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Bernanke Sees Few Ripples For U.s. From Expensive Oil - Printy Printy

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Federal Reserve Chairman Ben Bernanke offered a fairly upbeat assessment of the U.S. economy on Tuesday, saying the recent surge in oil prices is unlikely to have a major effect on either growth or inflation, as long as higher prices do not become sustained.

Bernanke told the Senate Banking Committee he saw increasing evidence that the economic recovery has enough momentum to be become self-supporting. But job growth remains far too anaemic, he said, indicating Bernanke is not considering cutting short the Fed's $600 billion (368 billion pounds) bond-buying stimulus.

"We do see some grounds for optimism about the job market over the next few quarters," Bernanke said, citing a steep recent decline in the jobless rate among other factors.

Bernanke said downside risks to growth had diminished and, for the first time, stated the risk of deflation was now "negligible." The threat of deflation, a downward spiral in wages and prices that could derail the economy, was a key justification for the Fed's bond-buying spree.

"It's encouraging to see that the risk of deflation is moderating according to the Fed," said Omer Esiner, chief market analyst at Commonwealth Foreign Exchange in Washington. "That's one of the keys that will be necessary for the Fed to wind down its quantitative easing program going forward."

Bernanke reiterated a warning that a failure by Congress to raise the U.S. government's debt ceiling could lead to a debt default that would have dire consequences for the economy.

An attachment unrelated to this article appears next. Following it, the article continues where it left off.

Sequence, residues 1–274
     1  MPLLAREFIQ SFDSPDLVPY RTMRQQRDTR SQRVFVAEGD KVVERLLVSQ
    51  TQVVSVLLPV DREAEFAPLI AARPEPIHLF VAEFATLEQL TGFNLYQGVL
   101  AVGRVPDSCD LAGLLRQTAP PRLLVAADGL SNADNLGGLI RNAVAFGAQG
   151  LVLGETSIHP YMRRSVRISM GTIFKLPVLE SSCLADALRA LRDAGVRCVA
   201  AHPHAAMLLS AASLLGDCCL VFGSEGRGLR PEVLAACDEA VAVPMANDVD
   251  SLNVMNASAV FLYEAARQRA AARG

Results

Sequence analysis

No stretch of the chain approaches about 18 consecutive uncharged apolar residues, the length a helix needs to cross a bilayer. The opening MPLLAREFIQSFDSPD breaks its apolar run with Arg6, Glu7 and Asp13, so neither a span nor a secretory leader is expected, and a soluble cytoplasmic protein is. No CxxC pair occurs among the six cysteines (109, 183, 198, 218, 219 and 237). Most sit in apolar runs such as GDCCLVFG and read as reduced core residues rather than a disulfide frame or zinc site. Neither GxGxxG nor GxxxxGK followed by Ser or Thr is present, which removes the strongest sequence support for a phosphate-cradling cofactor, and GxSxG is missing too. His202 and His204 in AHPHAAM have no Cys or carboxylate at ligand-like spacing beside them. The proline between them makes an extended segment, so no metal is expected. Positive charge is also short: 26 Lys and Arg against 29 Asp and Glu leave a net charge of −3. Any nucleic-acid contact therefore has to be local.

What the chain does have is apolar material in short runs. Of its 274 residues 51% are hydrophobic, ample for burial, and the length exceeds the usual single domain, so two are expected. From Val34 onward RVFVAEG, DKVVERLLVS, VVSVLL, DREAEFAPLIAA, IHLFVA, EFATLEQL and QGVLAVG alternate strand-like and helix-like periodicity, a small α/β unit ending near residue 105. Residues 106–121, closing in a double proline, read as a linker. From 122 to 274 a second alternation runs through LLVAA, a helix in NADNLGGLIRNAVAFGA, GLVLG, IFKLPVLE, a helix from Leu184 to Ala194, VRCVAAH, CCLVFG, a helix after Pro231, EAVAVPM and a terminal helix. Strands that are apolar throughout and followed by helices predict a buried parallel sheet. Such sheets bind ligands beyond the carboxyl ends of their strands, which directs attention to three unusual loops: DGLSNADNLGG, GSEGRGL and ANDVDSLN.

"It would be extremely dangerous and very likely a recovery-ending event," he said."

You can tell why Bernanke is the head central banker can't you with genius statements like this.

The oil price isn't a problem so long as it doesn't become sustained, followed by we need to print more money to fund the US deficit. As Denniger keeps noting US GDP growth is clearly down to massive deficit spending, the US economy has become a junkie hooked on debt.

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The lies will continue until morale improves.....

While indicators of spending and production have been encouraging on balance, the job market has improved only slowly. Following the loss of about 8-3/4 million jobs from early 2008 through 2009, private-sector employment expanded by only a little more than 1 million during 2010, a gain barely sufficient to accommodate the inflow of recent graduates and other entrants to the labor force.


What improvement? The employment rate is at new lows as of the January job report.

Likewise, the housing sector remains exceptionally weak. The overhang of vacant and foreclosed houses is still weighing heavily on prices of new and existing homes, and sales and construction of new single-family homes remain depressed. Although mortgage rates are low and house prices have reached more affordable levels, many potential homebuyers are still finding mortgages difficult to obtain and remain concerned about possible further declines in home values.